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Kenneth Riley


Secret Place
, Oil, 24" x 48" ©

Brothers

 

A realist painter of the Old West and a highly successful illustrator, Kenneth Riley was born in Waverly, Missouri in 1919 and has had a studio in Tucson, Arizona from 1971. He was raised in Kansas and received his art education at the Kansas City Art Institute, where he was a student of Thomas Hart Benton. Aware of Riley's unusual talent, a high school art teacher had paid for his first semester of tuition at the Institute.

In 1941, Riley went to New York to study with Frank DuMond at the Art Students League, and he also took evening classes at the Grand Central School of Art and with illustrator Harvey Dunn. Riley began his illustration career by selling work to the pulp magazines for fifteen dollars each, but enlistment in World War II as a combat artist redirected his work.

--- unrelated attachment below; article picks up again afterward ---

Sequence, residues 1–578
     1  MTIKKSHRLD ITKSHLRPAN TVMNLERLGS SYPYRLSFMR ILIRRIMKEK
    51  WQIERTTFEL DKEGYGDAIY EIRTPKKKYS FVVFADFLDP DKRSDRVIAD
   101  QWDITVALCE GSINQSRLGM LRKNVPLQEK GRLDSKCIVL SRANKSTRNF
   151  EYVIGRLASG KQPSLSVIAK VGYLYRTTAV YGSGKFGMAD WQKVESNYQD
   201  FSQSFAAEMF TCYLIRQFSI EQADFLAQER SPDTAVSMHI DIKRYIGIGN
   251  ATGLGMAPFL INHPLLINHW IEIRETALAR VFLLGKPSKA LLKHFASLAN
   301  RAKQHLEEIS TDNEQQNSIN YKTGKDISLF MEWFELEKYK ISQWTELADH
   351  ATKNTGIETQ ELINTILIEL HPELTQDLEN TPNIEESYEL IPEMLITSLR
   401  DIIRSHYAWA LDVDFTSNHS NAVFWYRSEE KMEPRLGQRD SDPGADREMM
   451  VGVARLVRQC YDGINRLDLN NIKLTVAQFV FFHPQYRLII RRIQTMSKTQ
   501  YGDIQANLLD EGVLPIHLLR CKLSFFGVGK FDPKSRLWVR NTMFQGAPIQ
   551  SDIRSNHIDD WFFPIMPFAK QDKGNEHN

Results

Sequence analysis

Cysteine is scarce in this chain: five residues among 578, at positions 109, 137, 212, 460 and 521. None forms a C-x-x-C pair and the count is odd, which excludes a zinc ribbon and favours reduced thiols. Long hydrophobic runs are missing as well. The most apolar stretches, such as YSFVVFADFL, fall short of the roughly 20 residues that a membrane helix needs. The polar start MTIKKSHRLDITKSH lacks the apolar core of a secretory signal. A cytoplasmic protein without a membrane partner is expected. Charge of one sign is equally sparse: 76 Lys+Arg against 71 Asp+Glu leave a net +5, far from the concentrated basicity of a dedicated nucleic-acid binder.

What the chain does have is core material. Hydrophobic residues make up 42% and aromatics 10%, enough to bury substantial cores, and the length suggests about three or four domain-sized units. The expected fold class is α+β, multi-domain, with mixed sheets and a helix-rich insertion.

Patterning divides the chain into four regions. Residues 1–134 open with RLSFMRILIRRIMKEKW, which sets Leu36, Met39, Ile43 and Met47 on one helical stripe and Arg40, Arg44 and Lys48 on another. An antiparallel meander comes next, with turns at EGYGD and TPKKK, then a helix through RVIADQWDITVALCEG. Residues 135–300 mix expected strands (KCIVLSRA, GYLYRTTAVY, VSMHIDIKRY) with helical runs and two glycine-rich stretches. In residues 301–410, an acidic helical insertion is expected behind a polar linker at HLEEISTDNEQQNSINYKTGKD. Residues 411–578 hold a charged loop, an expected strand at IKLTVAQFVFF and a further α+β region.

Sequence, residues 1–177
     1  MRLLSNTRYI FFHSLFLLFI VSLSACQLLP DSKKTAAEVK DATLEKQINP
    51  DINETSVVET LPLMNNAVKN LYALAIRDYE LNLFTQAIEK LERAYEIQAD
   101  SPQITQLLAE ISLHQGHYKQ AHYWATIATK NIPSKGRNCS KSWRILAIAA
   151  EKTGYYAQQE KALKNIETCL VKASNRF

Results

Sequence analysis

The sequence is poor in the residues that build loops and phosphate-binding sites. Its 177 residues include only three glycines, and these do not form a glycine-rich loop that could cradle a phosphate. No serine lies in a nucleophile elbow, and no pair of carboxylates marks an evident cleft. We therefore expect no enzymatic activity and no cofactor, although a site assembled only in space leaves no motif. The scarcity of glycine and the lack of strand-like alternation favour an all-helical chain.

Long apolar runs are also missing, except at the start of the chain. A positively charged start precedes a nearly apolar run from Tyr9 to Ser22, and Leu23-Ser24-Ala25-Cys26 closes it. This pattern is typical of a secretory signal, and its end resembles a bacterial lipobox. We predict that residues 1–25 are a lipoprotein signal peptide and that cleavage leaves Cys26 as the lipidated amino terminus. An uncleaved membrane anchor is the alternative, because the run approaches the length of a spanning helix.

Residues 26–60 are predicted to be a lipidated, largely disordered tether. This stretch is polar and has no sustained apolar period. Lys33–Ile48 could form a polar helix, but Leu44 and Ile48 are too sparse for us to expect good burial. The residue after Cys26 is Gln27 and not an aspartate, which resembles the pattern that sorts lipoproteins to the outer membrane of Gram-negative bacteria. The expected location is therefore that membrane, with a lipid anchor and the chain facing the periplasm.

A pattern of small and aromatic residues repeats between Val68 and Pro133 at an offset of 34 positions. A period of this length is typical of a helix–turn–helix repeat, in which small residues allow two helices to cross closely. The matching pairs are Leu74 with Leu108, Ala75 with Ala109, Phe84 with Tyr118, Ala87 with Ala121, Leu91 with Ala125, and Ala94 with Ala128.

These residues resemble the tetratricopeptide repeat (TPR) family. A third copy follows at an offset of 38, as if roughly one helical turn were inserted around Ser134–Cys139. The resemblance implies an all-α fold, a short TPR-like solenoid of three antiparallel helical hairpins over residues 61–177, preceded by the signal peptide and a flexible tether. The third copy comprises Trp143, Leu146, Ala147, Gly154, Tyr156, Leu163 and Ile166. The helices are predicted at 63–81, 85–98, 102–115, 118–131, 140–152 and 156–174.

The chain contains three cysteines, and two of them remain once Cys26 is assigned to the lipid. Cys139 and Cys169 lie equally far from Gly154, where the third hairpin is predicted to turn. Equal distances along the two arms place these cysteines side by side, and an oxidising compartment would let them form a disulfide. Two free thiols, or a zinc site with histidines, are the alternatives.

After the War, he returned to illustration, contributing to magazines including National Geographic, and the Saturday Evening Post. President John F. Kennedy chose one of Riley's paintings for the White House collection. Riley went on painting trips to Yellowstone and the Tetons and taught at Brigham Young University in Utah and was so taken with the intensity of the light that he determined to move West. He is a charter member of the National Academy of Western Art, and in 1982 was elected to the .

Source: Peggy and Harold Samuels, Contemporary Western Artists (Bonanza Books, 1985).

 

 

 

 

 

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Navarro College, Corsicana, Texas. Site last updated January 2004.